The Productivity of Youth

“Ah, to be young again,” people say. I have to chuckle when I hear that. No thanks. The years have made me a better writer, and being old now gives me an excuse for being grumpy.

I thought I was doing pretty well until the other day when I uncovered my baby book in a box in the attic. I’d been looking for some research materials for an action-adventure novel I’m percolating in my head. Instead, I found this ancient archive of my childhood.

Brooks' Early Edition Books
K. S. Brooks’ Early Works

As I gingerly moved it out of the box, some papers fell from it. These weren’t just ANY papers. They were all cut the same size, and bound together with a plastic-coated twist-tie. They were BOOKS. On them, my mother had written lightly in pencil “5 years old.”

Not only were they books, they were books I’d made – by hand. I’d illustrated them, and they rhymed. How in hell had I managed such a thing at five years of age? Granted, there were spelling errors, but those should have been caught by my editor. And for crying out loud, I was FIVE.

This made me smile – but not necessarily why you’d think. I wrote my first novel when I was fifteen. I remember writing story books about talking animals on magic islands when I was in third grade. In Kindergartenish times, I clearly recall fudging some details about a visit to the arboretum while writing the post-trip recap. Well, technically, that wasn’t lying. It was for the sake of art, hence – fiction.

But did any of those mean writing was in my blood? I sort of thought so, but who was I, really, to make that claim? What empirical evidence did I have?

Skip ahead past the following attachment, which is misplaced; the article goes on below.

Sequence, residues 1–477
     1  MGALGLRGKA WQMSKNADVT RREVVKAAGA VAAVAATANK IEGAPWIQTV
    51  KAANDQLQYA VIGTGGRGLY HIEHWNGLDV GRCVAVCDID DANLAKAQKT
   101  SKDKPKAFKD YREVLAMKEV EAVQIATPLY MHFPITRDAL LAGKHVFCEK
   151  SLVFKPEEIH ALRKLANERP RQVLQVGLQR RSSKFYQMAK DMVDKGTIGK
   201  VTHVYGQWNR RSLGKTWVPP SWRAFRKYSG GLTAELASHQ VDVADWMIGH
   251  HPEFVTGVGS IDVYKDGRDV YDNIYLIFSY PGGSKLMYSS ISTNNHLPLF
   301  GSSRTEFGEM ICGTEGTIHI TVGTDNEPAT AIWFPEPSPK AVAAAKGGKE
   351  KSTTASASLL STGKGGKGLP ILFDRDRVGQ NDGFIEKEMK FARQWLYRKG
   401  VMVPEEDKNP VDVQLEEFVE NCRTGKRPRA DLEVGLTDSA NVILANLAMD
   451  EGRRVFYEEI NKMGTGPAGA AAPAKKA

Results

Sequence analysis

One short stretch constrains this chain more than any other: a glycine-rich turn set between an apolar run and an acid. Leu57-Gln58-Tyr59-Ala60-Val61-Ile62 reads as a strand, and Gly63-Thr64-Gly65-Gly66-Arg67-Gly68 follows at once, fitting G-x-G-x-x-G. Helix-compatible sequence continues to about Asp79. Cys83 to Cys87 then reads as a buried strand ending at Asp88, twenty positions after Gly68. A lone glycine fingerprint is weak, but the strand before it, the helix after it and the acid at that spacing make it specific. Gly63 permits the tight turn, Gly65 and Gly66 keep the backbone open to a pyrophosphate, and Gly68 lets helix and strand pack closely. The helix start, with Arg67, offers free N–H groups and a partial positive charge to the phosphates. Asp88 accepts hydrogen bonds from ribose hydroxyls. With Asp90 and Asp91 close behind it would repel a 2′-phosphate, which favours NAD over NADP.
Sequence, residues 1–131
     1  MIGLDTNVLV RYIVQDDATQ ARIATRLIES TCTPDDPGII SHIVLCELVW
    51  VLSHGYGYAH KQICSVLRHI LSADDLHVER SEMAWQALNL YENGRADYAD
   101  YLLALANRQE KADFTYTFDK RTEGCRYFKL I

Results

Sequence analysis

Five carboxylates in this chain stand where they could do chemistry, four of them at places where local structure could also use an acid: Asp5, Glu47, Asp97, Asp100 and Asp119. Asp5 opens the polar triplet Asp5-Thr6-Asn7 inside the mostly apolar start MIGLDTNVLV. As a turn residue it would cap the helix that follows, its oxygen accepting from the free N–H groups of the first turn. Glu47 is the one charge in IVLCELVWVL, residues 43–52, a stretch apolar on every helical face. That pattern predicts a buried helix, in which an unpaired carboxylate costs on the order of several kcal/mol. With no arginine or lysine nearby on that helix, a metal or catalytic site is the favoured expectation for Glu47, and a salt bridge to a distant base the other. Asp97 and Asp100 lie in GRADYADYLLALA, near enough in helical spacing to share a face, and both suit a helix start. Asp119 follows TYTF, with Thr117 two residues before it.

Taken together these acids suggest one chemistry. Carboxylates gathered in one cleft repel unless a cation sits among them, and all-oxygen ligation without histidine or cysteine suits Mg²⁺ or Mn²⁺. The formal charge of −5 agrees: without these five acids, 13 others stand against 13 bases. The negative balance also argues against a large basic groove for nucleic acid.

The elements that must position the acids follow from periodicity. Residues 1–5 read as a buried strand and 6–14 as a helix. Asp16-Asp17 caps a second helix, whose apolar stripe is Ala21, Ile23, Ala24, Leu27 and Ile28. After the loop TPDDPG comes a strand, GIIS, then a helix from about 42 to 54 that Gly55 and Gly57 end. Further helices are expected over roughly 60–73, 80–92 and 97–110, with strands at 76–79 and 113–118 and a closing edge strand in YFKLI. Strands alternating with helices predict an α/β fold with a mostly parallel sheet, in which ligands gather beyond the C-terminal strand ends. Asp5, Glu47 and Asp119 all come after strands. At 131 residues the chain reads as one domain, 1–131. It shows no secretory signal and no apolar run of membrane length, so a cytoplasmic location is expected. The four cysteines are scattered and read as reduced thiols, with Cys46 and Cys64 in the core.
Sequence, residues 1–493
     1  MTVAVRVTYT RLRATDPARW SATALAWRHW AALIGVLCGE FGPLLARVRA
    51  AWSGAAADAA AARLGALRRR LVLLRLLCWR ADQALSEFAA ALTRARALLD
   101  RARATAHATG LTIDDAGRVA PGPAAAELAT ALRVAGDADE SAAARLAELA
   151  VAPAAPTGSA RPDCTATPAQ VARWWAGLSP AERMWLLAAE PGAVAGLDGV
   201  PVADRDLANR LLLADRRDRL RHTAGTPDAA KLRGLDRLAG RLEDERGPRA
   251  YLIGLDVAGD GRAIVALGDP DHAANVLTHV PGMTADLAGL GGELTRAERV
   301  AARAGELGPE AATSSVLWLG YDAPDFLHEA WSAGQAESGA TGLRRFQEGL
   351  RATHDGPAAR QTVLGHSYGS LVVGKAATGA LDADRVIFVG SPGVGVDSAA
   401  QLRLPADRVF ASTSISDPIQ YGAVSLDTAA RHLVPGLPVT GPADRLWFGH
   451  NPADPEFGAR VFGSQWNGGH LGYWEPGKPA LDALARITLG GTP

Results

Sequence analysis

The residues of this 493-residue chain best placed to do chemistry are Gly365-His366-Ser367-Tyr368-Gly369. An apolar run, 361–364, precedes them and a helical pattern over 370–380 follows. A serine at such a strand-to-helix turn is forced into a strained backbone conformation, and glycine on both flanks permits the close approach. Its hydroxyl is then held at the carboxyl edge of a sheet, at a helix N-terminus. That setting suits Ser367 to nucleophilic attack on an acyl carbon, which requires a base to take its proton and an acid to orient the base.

I can’t tell you how many times interviewers have asked me “why do you write?” Honestly, that question makes me borderline belligerent, as does “when did you first know you wanted to write?” How do you say “I was born to write” without coming across as narcissistic? And how do you prove that statement?

I’ll tell you how you prove that statement. You thank your most excellent mother for saving those precious pieces of paper that give you peace of mind and validity when you say “I was born to write.”

There is one drawback, however. These newly discovered one-of-a-kind first editions pose a new mental conundrum: when I was five, I produced three picture books. Three! In 2013, I had only one new picture book go into publication. Dammit. I thought I was going great guns, but now, I’ve come to realize – I was more productive when I was five. Ouch.

Author: K.S. Brooks

K.S. Brooks is an award-winning novelist, photographer, and photo-journalist, author of over 30 titles, and executive director and administrator of Indies Unlimited. Brooks is currently a photo-journalist and chief copy editor for two NE Washington newspapers.  She teaches self-publishing and writing topics for the Community Colleges of Spokane, and served on the Indie Author Day advisory board. For more about K.S. Brooks, visit her website and her Amazon author page.

25 thoughts on “The Productivity of Youth”

  1. My mother saved nothing. We moved so often she purged every time and I have nothing left from childhood. Those are treasures. Keep smiling at them and let them inspire you to -er – four picture books for 2014. Get busy.